This is Marketing by Seth Godin
Marketing: seeks more, driven by better, creates culture, makes change happen.
We are all marketeers. Our obligation is to do marketing we are proud of.
It’s about being a driver of the market.
Marketing is the act of making change happen. You haven’t made an impact unless you’ve changed someone.
They say the best way to complain is to make things better.
Effective marketing now relies on empathy and service.
Marketing is a chance to serve.
It’s easier to make products and services for the customers you seek to serve than it is to find customers for your products and services.
Marketing is the generous act of helping others become who they seek to become.
Five steps of marketing:
- invent an thing worth making
- design and build it in a way that a few people will actually benefit and care about
- tell a story that resonates
- get peeps excited and spreading the word
- show up, regularly, consistently, generously
Your tactics can make a difference, but your strategy/commitment can change everything.
If you want to make change, begin by making culture. Begin by making a tightly organise group. By getting people in sync.
Culture beats strategy – so much that culture is strategy.
People don’t want what you make. They want what it will do for them and the way it will make them feel. Don’t let everyone down by focusing on the tactics and not the outcomes.
We tell stories. Make connections. Create experiences.
Organisations are often marketing-driven. They are slick, focusing on squeezing the dollar, data hacks, new designs. Marketing-driven is a dead end.
Be market-driven – listen/hear the market, influence it, bend it to make it better. You listen to the hopes and dreams of your customers. You listen to their frustrations and invest in changing the future. Being market-driven lasts.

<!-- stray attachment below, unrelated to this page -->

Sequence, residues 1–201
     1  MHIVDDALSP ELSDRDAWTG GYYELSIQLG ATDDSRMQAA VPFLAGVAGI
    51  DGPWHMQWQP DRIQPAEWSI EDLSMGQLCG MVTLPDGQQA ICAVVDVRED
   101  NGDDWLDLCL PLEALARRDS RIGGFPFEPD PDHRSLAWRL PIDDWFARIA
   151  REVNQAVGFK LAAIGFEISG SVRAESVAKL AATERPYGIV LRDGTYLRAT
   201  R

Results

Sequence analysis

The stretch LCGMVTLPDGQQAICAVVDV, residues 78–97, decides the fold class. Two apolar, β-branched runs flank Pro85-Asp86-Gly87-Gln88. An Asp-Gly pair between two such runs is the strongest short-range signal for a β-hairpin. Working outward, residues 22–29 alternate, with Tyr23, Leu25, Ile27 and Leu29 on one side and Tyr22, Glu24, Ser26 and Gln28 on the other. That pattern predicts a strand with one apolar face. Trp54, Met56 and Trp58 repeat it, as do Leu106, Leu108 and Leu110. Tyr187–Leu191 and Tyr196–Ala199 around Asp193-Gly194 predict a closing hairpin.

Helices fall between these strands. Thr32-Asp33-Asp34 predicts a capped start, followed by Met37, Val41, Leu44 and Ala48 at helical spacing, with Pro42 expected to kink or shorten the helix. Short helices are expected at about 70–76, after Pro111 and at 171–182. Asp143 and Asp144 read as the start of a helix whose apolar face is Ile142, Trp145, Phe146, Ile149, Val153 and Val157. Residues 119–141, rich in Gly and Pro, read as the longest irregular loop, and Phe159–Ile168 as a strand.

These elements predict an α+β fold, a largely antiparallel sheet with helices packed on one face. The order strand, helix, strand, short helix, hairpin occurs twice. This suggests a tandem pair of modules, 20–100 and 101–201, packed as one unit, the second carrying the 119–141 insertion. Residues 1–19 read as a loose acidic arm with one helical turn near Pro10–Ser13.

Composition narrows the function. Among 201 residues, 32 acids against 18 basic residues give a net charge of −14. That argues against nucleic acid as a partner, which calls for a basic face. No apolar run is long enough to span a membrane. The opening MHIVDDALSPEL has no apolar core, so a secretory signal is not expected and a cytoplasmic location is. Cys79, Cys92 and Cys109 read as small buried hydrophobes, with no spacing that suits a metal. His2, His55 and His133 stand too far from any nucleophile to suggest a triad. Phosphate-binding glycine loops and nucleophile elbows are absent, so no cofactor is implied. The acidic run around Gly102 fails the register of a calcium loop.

What change are you trying to make? Don’t seek to do the impossible.( And don’t make it a bunch of jibberish-shite that means nowt.)
What promise are you making? “If this works for you, you’re going to discover…”
Forcing a focus a – who do you want to change?
Specific kind of bravery – specific means accountable. It worked or it didn’t. It matched or it didn’t. It spread or it didn’t.
Are there people in the world who want you to succeed so badly that they are willing to pay you to produce the change you seek to make?
Perhaps call your prospects/customers Students instead? Where are our students? What will they benefit from learning? Are they open to being taught? What will they tell others?
How to make an impact:
- start with empathy to see a real need
- focus on smallest viable market
- match the worldview of the people being served. Share a story they want to hear, in their language.
- make it easy to spread
- earn and keep attention. Trust those you serve (and earn the trust too)
- offer ways to go deeper, do work for your members
- at each step create and relieve tensions
- show up, often. Do it with humility and focus on the parts that work.
Everyone has noise in their head.
We have little chance of doing marketing to others. It’s much more productive to dance with them instead.